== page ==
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Cashless Future

Digital currency is the new reality of India. The country must adapt to the demonetisation move with optimism

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Aflashback scene, as you remember the joys of collecting that weekly pocket money, the trinkets of change in the piggy bank, or being able to count all that’s collected and exchange it for something we have been yearning for. These will become memories of yesteryears, as our kids in 2035 will look back in hindsight. At this stage, we will be a cashless economy battling with new challenges from this evolved system.

With bank accounts staged from their birth, pocket money available through their smartphones, to be technologically more competent and equipped to handle the internet and online payments, these are the patterns of a generation that will experience cashless economy in its true sense. The economy will see true financial inclusion with the ‘eRupee’ being available to all, enabling universal digital access to financial services for all people with no regard to social/economic status. We are setting the pathway for generations to come, and while this will happen gradually, it is a first step in that direction.

The acceptance of a new concept often takes time but eventually becomes a rage. It is a phenomenon across industries. We have witnessed the evolution of the telephone to mobile phones, smartphones and much more in technological advancement. It is no longer about functionality but differentiation with features, reliability and dependability. In the auto industry, the introduction of driverless cars is reflective of a vision that was perhaps missing a decade ago, but now it is a reality. Our terms of exchange have evolved from a barter system, to paper currency, online payments, to the latest digital mint currency. At every stage, new challenges have highlighted the growing importance of the stages that follow. Black market and counterfeit are some issues that have drawn users towards the digital world. But the issue of trust and security comes up since most digital players are operated privately and lack adequate regulation. To counter this, e-currency is the next wave that will be a government issued sovereign currency, with its own identity, value, legal tender, interoperability feature with the ability to be adequately regulated for a better monetary policy. It is more functional than anything that has been witnessed before. It will not merely be a commodity of exchange but a transforming function that will change the way we see currency.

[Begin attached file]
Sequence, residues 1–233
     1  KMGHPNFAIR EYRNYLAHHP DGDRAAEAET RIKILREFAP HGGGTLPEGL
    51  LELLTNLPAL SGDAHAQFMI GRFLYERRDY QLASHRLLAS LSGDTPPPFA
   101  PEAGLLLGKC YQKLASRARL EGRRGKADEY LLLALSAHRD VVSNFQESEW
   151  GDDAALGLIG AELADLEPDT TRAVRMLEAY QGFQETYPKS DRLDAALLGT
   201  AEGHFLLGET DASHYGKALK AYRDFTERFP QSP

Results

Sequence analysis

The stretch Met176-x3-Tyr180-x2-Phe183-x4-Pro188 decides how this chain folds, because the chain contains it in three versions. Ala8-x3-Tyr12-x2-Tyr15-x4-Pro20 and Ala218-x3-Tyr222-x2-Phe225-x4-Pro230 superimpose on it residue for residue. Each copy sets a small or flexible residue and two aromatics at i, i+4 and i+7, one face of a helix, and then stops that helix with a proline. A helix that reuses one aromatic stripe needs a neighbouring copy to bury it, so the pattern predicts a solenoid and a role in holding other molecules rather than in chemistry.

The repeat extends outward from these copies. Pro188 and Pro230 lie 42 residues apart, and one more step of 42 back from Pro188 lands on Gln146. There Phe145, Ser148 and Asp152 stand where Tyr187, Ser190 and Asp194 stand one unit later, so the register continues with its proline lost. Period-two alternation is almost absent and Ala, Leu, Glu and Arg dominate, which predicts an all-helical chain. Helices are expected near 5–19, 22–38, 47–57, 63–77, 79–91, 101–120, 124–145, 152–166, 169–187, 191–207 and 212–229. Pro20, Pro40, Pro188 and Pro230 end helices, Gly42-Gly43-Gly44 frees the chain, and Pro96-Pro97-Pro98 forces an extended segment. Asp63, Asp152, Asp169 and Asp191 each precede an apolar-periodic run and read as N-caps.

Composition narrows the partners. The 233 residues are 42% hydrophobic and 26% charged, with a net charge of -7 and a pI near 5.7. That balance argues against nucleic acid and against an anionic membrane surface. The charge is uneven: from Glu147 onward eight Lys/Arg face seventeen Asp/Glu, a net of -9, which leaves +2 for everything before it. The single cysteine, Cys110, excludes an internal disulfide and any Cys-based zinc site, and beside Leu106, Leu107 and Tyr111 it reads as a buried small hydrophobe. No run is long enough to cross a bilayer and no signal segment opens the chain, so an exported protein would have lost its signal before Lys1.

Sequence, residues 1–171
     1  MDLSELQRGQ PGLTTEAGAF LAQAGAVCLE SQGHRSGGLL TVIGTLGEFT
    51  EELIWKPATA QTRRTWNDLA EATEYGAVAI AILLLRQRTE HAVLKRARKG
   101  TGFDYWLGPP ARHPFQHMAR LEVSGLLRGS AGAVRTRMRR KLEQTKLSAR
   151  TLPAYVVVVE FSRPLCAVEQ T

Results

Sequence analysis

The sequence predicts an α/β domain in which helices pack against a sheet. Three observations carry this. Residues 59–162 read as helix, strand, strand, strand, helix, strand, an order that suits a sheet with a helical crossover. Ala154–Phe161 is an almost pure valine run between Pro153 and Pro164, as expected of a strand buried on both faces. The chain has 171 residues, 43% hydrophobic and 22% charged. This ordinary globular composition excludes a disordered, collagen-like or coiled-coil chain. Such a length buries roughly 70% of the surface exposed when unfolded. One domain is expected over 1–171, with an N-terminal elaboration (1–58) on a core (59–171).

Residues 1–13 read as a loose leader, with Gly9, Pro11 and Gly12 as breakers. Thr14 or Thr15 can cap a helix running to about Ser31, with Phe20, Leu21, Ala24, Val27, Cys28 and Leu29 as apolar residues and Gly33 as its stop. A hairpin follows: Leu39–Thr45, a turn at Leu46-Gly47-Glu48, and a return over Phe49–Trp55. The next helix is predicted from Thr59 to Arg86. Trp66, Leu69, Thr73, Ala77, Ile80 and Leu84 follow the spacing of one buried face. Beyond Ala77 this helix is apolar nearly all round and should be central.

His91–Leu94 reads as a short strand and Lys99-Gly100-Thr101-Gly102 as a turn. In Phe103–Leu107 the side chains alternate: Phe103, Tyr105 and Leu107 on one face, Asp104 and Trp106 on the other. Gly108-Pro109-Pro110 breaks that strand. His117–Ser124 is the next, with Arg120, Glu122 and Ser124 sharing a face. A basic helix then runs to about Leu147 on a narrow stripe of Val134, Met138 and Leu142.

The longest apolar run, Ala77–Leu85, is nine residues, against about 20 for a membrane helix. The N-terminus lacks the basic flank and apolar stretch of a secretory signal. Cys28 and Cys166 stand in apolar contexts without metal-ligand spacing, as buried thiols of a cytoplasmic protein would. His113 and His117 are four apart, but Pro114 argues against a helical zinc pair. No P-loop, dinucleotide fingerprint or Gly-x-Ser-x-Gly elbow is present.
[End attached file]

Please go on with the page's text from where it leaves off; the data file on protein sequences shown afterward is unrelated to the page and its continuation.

In the case of currency, India’s position has always been a cash centric economy and is deep rooted with more than 95 per cent transactions done in cash due to insufficient card machines or a simple reason of no bank accounts itself. In fact, India is the only country in the world for renowned players like Uber to accept cash for their rides. The trendy e-commerce target audience of more than 70 per cent also chose ‘cash on delivery’ as their preferred mode of payment, while shopping online. These observations makes it pressing for quicker actions to be taken for a smooth transition. With better public education and government support, India can emerge into a strong evolving nation.

While it is at a nascent stage of adoption, the surge in adaptability due to changing regulatory practices, know-how and feature of convenience, digital currency has become a strong reality, a dream for the India that we know that will thrive on digital democracy and identity. A reality that is sure to evolve from the present to a full sovereign digital currency in the future, setting new benchmarks, which will highlight our thought leadership in the global market. “There are many problems which our country faces, but there are also 1.25 billion people to solve these problems,” stated Prime Minister Modi during his speech on Independence Day.

The demonetisation campaign seems like a well thought out strategy, which at the outset will create its disturbance but collectively it will create a positive outcome. The confidence of working with the people in India, will urge the public to adopt new best practices.

With the recent demonetisation, Nandan Nilekani, in an interview, termed this as a “defining point in India moving to cashless”. Mobile wallets have had more traction, and it is possible that a large number of Indians will transition from cash to mobile wallets. A study by Boston Consulting Group and Google recorded that wallet users have already exceeded the number of mobile banking users and are three times the number of credit card users.

While different governments are exploring the feasibility of this currency, it is our prerogative to adapt to this change with optimism and willingness, as pointed out by the Reserve Bank of India and the World Bank.

Disclaimer: The views expressed in the article above are those of the authors' and do not necessarily represent or reflect the views of this publishing house. Unless otherwise noted, the author is writing in his/her personal capacity. They are not intended and should not be thought to represent official ideas, attitudes, or policies of any agency or institution.


Ajeya Singh

The author is former head of Lehman Brothers India and Credit Suisse India

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